The 2021 NFL Draft class is deep with wide receivers. As a continuation of yesterday’s article on the positional depth for pass catchers, here are nine more names to keep an eye on this offseason.
Amari Rodgers, Clemson
Amari Rodgers stepped up in 2020 with Tee Higgins off in the NFL. Despite being a shorter receiver, Rodgers’ running back build and athleticism made him a valuable weapon on the Clemson offense. While he is destined to be a role player in the NFL, he could make use of a lot of targets.
Low-end comparison: Ray-Ray McCloud
High-end comparison: Devin Duvernay
Amon-Ra St. Brown, USC
Amon-Ra St. Brown is another player in the long line of high-profile USC receiver prospects. St. Brown doesn’t have the flashy numbers of his predecessors, but he is absolutely bound to be a contributor in the NFL. St. Brown is a technically gifted receiver with strong hands, sharp routes, and a physicality to his game. While he might not be a game-changer, he could be a productive slot receiver.
Low-end comparison: Gabriel Davis
High-end comparison: Robert Woods
Terrace Marshall Jr., LSU
Terrace Marshall has flown under the radar with Justin Jefferson and Ja’Marr Chase receiving all the attention the last two years. Marshall’s speed, however, will give him a shot in the NFL. He has been a legit deep threat for LSU since 2019 and actually opened the offense up for the Tigers’ primary receivers. It’s very possible his best football is still ahead of him if he carves out more targets in the NFL.
Low-end comparison: Breshad Perriman
High-end comparison: DJ Chark
Sage Surratt, Wake Forest
Sage Surratt was a monster at the catch point in college. The 6’2”, 220-pound receiver has a strong build that he regularly used to bully cornerbacks with. While he lacks top-end athleticism, it’s hard to get over how regularly he would dominate anyone trying to cover him.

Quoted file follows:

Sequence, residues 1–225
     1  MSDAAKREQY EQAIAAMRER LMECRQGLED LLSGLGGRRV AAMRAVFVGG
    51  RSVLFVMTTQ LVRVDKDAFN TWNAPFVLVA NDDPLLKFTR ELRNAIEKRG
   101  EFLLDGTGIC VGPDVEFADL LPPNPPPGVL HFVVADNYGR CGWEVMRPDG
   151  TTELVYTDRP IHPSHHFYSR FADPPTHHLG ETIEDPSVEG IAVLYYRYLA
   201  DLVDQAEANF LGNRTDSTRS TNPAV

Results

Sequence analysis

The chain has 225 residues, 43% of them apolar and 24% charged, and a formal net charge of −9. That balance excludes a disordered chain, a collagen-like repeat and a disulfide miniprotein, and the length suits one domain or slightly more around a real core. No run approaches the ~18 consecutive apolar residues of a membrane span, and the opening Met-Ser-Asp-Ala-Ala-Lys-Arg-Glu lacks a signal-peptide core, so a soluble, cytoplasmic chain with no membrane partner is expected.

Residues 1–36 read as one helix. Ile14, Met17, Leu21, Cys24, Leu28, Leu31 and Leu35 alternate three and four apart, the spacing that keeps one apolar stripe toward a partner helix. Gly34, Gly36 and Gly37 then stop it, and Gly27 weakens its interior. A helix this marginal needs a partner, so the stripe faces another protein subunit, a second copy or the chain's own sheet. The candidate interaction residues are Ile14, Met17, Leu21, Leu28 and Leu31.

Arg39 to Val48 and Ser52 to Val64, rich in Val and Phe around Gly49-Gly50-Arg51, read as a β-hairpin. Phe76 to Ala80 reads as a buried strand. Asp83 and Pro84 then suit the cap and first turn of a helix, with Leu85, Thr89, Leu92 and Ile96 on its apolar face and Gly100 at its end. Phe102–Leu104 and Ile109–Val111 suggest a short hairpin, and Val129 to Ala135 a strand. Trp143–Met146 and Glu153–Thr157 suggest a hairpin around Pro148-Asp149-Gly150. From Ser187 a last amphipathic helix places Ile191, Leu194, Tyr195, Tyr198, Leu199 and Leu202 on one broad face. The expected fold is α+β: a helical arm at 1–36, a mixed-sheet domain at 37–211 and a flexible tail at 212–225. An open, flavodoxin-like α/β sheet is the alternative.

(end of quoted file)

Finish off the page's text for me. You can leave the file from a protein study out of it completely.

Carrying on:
Low-end comparison: Mack Hollins
High-end comparison: Alshon Jeffery
D’Wayne Eskridge, Western Michigan
If you need speed, D’Wayne Eskridge has it. The WMU product was always a threat to score when he saw the ball because of how quickly he could shift gears, change direction and burn a defense. His diminutive size may limit how he’s deployed in the NFL, but a creative NFL team could have quite a weapon on their hands with him.
Low-end comparison: Mecole Hardman
High-end comparison: Keke Coutee
Dazz Newsome, UNC
Dazz Newsome is as solid a receiver prospect as you can get since he has a phenomenal handle on the position. While he doesn’t have any outstanding tools, his proficiency and dependability in the middle of the field make him a likely contributor in any NFL offense.
Low-end comparison: Freddie Swain
High-end comparison: Julian Edelman
Cade Johnson, SDSU
Cade Johnson is my favorite non-FBS player in this class. He is a legit deep threat who has proved against every opponent he’s faced that he’s better than them. Johnson’s Senior Bowl showing earned him some draft hype and he’ll go earlier than people expect right now.
Low-end comparison: Andre Roberts
High-end comparison: Brandin Cooks
Jaelon Darden, North Texas
Jaelon Darden is another small school prospect with a lot of speed. The 5’9”, 180 pounder was faster than anyone he lined up against at NTU and his speed will be a selling point for his NFL prospects.
Low-end comparison: Terry Godwin
High-end comparison: KJ Hamler
Justyn Ross, Clemson
Justyn Ross might be the biggest wildcard in this draft class. As a freshman at Clemson, Ross looked like one of the next great receivers in the country. Unfortunately, an injury has derailed his path to the NFL and it’s been a while since we’ve seen him dominate the college level. There’s no doubt his ceiling is sky-high, but the question is if there’s a path to getting back to form.
Low-end comparison: Michael Floyd
High-end comparison: AJ Green